This represents the money the lender saves on marketing, taking on the responsibility of advice – which brokers have to be insured to provide – and the time saved on packaging the mortgage application.

The fee tends to be between 0.35pc and 0.40pc of the loan amount secured. So, if a broker does an application on your behalf for a loan of £400,000, they will earn at least £1,400 as a procuration fee.

Some brokers will also charge an additional fee to you for arranging the mortgage. This will either be a fixed amount, or a percentage of the loan. Typically, fixed fees are around £500.

Lewis Shaw, of brokerage Riverside Mortgages, charges a £499 fee once the mortgage has been offered. He said fixed fees are typically charged at one of three stages.

“Some brokers will charge a fee when the application has been submitted to the lender. If the lender’s surveyor down-values the property or refuses the application that fee isn’t always refunded.

“Others charge when the mortgage is offered. The final place for brokers to take a fee is on completion. This last one is less common, and can involve a higher fee.

“This is because there’s a lot of transactions which don’t complete, so there’s more risk for the broker.”

Fees taken at the completion stage can be as much as £2,500.

Mr Shaw is of the belief that percentage-based fees will likely be erased in time, because a mortgage application involves the same work no matter the size of the loan.

On why he charges a fee, Mr Shaw said: “Often, but not always, places that don’t charge fees have to do more volume to make up for the lost income. But if I doubled my workload, I wouldn’t be able to provide the same levels of service.

“When I worked in London, I happily didn’t charge a fee because the loans were so big. Brokers tend to charge a fee for security, as not all offers reach completion.”

Rachel Dixon, a mortgage broker based in Leamington Spa, has stopped charging a fixed fee.

She said: “I think with rates becoming higher and less people having money to pay out on broker fees, who do we think clients will turn to?

“I’ve always thought I was paid really well for a job I love. I think sometimes some advisers are a bit too big for their boots. I’d rather help a first-time buyer with their cash flow than take £500 from them. It works for me.”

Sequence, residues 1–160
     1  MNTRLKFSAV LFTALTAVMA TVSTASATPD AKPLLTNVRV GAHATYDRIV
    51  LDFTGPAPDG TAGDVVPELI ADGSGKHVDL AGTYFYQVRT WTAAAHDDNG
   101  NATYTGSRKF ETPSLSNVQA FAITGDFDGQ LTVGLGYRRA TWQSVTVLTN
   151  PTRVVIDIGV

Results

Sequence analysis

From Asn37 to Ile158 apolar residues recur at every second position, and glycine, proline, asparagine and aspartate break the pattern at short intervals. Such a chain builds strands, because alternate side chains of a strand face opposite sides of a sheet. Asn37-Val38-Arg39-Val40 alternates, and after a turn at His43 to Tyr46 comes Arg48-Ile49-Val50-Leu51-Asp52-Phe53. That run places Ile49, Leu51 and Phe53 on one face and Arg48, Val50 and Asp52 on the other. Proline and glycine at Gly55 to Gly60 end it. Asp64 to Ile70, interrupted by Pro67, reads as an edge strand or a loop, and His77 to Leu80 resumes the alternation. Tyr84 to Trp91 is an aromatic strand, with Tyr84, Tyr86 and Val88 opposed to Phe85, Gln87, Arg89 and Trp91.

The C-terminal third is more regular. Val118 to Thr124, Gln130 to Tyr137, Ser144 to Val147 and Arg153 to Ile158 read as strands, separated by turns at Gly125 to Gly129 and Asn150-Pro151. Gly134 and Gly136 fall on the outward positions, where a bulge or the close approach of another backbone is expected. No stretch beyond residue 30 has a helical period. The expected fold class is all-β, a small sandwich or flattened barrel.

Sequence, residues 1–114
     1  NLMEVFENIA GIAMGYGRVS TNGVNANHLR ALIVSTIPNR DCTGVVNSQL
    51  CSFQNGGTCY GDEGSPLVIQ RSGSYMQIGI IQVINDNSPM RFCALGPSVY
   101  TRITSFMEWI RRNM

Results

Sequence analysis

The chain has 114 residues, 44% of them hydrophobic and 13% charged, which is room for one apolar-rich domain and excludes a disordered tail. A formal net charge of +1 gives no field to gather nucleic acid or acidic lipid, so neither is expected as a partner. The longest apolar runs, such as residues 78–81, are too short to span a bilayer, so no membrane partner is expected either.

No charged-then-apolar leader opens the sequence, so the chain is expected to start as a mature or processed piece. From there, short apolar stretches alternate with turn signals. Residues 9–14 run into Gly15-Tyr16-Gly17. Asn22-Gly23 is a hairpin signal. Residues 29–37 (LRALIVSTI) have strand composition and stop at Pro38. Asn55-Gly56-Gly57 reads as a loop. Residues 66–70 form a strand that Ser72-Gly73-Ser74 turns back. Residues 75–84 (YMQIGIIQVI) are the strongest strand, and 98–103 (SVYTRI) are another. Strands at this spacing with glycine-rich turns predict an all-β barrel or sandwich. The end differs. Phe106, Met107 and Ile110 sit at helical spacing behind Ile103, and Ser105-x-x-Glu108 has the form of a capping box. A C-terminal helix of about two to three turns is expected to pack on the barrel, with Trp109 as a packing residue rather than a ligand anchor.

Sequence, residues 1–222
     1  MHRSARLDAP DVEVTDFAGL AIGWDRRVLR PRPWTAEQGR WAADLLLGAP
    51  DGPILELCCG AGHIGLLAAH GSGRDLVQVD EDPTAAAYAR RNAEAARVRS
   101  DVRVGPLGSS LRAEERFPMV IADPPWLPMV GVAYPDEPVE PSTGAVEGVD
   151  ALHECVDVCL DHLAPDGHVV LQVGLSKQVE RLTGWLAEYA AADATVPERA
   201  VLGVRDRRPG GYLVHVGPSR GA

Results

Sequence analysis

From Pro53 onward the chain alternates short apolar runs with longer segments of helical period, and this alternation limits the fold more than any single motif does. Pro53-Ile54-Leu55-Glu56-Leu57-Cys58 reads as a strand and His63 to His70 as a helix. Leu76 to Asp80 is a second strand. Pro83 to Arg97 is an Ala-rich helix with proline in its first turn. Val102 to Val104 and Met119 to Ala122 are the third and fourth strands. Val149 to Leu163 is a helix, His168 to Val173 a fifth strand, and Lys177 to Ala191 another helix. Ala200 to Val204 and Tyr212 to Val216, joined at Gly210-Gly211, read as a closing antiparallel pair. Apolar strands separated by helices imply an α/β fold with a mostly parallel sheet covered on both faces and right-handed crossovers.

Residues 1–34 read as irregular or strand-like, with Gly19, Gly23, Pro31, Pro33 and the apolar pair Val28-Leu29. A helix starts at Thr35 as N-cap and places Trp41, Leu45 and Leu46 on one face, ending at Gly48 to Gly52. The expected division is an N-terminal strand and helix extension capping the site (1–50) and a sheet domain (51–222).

Brokers who charge a percentage-based fee are by far the most expensive.

Mr Hollingworth, of L&C Mortgages – a firm which does not charge a broker fee – said: “That fee could be as much as 1pc of the loan amount, so it makes sense to factor that into the overall cost as well.

“That would roughly equate to 0.50pc on the rate for a two-year deal, so it’s worth knowing that some will not charge a fee. That could save you hundreds if not thousands of pounds each time.”

Now read: Everything you need to know about remortgaging in 2023

Beware loaded premiums

If you are also looking to take out mortgage protection, it’s worth being aware of “loaded premiums”.

This is where a mortgage adviser sells certain insurers’ mortgage protection policies to their clients, essentially throwing it in with the mortgage deal they’ve set up.

However, these policies have higher than standard premiums, with the extra profit shared by the adviser and the insurer.

The fee can add anything from around 15pc to 30pc of the standard premium you pay. If you were paying £50 a month for a mortgage protection policy with a loaded premium, you’d be paying an extra £4,500 over the typical 25-year average mortgage term.

The best way to find out whether an adviser charges a loaded premium is to ask them. If you don’t, it will likely be charged without you realising.

Tom Baigrie, of protection specialist LifeSearch, said: “People buying protection from their mortgage broker could often save a lot of money by shopping around and talking to an independent protection adviser.”

What are your options if you think you’ve been given bad advice?

If you think you’ve been given bad advice by a mortgage broker, you can complain to the firm you received the advice from as a first step. It should take steps to help you, and conduct an internal investigation.

If you’re unhappy with the outcome of this, and have received a final response, you can then escalate the issue to the Financial Ombudsman Service (FOS). However, this is only possible if the broker is regulated by the FCA. That’s why it’s so important to check they appear on the FCA Register.

You can now receive up to £415,000 in compensation if the FOS rules in your favour. If a judge does not uphold your complaint, there is an appeal process.

Now read: Fixed-rate mortgage or tracker? How to tackle rising interest rates


Discover Telegraph Wine Cellar’s new wine club. Enjoy expertly chosen bottles at exclusive member prices. Plus, free delivery on every order.

2023-07-26T08:00:38Z dg43tfdfdgfd